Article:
On the trip home from Dave’s on Sunday, I caught the last half of this week’s episode of the radio show On Being, which explores themes of religion and spirituality. Luckily enough, later in the evening I caught the whole show a few miles further down the road.
This week’s episode, special for Independence Day, dealt with the history of the principle of separation of church and state in the U.S. The guests were two authors, Steven Waldman, who wrote Founding Faith: How Our Founding Fathers Forged a Radical New Approach to Religious Liberty, and Philip Hamburger, author of Separation of Church and State.
My prime takeaway from it was, what most Americans think of as “separation of church and state,” what they’ve always thought of, in fact, is the separation of the state from the hierarchy of the Catholic Church. In the early days of this country, they were not concerned with religion in general. In fact, most of the colonies had official, established faiths—Protestant ones, though. The last state with an established faith, Massachusetts, finally disestablished it in the 1830s. Anti-Catholic sentiment existed for decades and decades, if it’s even gone today. But to say, as some of us do today, that the separation notion means things should be especially secular is something that many Americans vehemently disagree with.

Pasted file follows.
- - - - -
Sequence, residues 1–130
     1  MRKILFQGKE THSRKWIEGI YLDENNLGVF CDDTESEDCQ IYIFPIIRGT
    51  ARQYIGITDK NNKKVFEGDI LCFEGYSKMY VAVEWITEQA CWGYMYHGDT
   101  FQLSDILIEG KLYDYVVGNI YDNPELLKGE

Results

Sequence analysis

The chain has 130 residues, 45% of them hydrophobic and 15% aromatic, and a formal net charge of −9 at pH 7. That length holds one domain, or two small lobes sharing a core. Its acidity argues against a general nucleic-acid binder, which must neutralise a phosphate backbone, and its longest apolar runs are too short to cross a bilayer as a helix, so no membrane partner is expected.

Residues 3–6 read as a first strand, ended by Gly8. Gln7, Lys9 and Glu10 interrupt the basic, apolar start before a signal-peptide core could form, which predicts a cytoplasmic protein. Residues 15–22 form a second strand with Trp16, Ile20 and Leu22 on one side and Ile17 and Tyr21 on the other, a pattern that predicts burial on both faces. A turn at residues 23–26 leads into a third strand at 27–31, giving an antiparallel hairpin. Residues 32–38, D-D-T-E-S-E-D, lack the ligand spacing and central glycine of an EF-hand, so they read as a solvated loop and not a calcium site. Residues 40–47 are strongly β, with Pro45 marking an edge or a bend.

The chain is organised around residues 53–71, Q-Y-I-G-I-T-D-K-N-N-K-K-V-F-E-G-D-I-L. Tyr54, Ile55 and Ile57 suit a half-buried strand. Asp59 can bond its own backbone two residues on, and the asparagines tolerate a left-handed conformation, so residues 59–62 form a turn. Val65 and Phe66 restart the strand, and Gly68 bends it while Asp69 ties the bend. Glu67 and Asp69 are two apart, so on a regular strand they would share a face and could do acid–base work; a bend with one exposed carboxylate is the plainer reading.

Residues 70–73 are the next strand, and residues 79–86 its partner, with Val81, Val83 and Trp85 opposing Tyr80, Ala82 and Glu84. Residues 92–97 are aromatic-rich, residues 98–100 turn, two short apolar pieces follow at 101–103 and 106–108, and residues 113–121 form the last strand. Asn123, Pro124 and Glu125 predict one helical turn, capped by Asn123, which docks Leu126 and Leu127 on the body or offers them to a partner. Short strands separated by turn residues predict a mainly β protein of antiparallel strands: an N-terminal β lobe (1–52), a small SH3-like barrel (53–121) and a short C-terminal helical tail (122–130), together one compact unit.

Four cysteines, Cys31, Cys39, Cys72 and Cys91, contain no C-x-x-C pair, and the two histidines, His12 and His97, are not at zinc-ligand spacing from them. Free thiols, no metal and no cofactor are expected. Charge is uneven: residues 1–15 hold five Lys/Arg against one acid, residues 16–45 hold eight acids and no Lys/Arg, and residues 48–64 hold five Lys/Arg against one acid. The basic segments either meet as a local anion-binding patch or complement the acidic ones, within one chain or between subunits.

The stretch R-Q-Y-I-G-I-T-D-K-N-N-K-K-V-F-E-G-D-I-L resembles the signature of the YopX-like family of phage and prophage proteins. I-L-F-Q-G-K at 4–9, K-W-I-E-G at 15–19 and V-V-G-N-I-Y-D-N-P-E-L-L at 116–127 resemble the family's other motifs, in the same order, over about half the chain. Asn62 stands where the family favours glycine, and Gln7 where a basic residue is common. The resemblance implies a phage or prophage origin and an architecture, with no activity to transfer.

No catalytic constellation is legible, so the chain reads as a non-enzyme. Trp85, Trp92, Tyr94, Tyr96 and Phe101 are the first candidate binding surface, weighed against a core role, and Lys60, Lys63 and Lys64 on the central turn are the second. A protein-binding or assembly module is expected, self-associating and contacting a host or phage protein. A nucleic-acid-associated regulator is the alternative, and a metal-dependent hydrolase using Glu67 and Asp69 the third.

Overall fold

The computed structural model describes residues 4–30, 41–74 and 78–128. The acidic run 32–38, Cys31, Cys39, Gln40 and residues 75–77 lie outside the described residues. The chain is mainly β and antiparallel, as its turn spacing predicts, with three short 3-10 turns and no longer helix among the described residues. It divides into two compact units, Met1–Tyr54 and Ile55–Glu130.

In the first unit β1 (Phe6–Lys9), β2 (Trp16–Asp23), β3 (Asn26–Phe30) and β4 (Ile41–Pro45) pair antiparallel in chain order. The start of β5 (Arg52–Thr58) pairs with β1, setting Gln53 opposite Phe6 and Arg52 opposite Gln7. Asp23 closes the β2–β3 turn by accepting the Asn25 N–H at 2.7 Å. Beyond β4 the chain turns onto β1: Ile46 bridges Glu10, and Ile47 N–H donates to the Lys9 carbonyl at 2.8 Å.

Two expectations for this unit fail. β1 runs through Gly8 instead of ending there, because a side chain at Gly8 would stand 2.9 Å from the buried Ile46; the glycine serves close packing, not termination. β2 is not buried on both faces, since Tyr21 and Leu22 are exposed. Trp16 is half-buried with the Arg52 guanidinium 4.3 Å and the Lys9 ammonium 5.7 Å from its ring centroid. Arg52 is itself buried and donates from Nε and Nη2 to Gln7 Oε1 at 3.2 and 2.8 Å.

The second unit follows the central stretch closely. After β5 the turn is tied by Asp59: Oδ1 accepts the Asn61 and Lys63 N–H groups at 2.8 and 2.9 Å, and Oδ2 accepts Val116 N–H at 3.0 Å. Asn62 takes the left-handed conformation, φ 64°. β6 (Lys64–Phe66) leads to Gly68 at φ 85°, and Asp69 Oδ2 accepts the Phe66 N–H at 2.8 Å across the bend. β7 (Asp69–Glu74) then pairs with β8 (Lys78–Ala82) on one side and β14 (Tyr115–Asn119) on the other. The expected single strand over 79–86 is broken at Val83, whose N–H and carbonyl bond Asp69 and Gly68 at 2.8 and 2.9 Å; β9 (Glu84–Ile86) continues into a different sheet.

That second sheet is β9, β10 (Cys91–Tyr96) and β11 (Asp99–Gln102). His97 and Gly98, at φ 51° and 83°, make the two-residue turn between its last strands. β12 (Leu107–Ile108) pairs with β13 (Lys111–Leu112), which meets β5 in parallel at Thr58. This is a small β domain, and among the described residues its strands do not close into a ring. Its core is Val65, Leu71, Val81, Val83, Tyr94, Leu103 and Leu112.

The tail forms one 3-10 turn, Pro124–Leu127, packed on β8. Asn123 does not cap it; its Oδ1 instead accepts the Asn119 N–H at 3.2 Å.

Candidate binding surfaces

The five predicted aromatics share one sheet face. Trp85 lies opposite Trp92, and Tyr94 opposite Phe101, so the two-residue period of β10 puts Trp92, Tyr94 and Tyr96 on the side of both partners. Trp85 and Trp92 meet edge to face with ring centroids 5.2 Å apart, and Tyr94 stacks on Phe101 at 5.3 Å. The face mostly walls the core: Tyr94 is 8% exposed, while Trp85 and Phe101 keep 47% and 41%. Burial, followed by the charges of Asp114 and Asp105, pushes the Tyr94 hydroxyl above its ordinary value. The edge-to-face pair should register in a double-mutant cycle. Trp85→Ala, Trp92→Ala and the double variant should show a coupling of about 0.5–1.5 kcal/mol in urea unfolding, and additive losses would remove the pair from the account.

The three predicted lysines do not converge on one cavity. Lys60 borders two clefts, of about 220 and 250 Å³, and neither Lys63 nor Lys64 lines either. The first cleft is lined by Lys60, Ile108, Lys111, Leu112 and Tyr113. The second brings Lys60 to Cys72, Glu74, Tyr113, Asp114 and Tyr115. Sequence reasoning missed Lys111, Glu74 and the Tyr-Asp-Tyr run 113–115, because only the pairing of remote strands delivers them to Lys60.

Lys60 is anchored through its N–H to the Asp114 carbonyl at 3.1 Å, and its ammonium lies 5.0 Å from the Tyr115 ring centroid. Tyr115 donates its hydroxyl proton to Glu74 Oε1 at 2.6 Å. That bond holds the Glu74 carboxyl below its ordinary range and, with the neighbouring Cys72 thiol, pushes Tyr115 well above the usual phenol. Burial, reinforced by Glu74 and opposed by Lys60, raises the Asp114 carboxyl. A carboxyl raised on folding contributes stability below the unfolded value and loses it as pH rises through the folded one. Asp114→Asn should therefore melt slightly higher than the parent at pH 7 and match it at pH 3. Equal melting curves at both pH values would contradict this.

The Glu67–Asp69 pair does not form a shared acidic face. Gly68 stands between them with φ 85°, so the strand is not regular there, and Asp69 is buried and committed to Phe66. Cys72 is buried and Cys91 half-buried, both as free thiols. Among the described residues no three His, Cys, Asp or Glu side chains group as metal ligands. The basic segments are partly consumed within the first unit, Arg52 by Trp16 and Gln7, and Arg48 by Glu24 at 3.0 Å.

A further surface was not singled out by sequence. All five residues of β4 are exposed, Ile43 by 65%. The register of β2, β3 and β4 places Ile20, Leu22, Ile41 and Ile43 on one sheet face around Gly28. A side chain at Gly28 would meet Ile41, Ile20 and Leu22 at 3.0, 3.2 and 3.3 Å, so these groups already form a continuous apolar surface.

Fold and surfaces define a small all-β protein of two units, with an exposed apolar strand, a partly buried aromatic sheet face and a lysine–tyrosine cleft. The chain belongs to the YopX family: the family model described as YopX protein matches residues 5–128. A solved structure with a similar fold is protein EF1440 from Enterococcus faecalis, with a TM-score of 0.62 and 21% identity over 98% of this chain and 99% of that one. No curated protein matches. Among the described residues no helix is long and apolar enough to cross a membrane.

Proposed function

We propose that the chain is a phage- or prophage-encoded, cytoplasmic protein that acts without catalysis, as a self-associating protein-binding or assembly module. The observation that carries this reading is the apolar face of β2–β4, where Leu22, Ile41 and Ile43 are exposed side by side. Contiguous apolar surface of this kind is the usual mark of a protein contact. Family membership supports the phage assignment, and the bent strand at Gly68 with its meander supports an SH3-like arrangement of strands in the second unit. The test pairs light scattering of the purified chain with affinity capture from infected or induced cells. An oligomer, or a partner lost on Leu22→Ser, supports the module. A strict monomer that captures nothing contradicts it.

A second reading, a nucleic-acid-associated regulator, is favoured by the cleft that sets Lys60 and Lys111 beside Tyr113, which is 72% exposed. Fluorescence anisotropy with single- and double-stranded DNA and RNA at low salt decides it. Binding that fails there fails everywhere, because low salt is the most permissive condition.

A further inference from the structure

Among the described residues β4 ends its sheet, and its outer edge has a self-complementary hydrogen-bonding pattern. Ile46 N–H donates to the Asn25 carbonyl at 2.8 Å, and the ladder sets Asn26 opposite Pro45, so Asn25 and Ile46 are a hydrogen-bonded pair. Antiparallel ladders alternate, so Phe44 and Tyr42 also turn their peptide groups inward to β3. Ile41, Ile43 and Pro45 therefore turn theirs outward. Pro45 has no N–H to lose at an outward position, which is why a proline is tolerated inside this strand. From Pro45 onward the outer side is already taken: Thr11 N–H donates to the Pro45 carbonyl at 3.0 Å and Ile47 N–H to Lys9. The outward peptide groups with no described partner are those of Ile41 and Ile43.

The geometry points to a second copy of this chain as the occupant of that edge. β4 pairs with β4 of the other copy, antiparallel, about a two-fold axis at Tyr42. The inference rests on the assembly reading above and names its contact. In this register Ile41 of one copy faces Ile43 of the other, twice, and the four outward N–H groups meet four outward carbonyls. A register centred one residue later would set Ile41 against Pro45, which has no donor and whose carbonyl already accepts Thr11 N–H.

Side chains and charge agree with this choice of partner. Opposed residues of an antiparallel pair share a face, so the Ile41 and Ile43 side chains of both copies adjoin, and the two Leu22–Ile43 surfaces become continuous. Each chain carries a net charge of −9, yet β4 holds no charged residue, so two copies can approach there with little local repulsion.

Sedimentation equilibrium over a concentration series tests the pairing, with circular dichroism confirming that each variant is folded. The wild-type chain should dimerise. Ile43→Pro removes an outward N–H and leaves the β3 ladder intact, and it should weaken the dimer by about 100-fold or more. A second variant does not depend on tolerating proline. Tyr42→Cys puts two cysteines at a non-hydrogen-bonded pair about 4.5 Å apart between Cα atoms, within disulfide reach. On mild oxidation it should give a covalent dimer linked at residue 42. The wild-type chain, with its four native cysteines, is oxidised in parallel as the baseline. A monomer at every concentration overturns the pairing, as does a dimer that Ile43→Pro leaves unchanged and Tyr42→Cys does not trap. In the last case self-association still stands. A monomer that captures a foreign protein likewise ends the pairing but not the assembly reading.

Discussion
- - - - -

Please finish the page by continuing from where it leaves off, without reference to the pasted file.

Should “separation of church and state” mean all churches? The wording tends to be broad enough to imply yes.
Another interesting tidbit was the role of the Ku Klux Klan in supporting the separation of church and state. Well known for its racist tendencies, the Klan was at least as anti-Catholic as it was anti-black. So it supported separation of church and state because it kept Catholics down. Supreme Court justice Hugo Black, who wrote several opinions that defined a broader reach of separation, was in his younger days a member of the Klan, though late in life he said it was mostly because he thought it was good for his political career to do so (he was a U.S. Senator before his Supreme Court tenure).
This is all stuff I should’ve learned long ago. And the radio show covered more, too. Take a listen at the link in the first paragraph.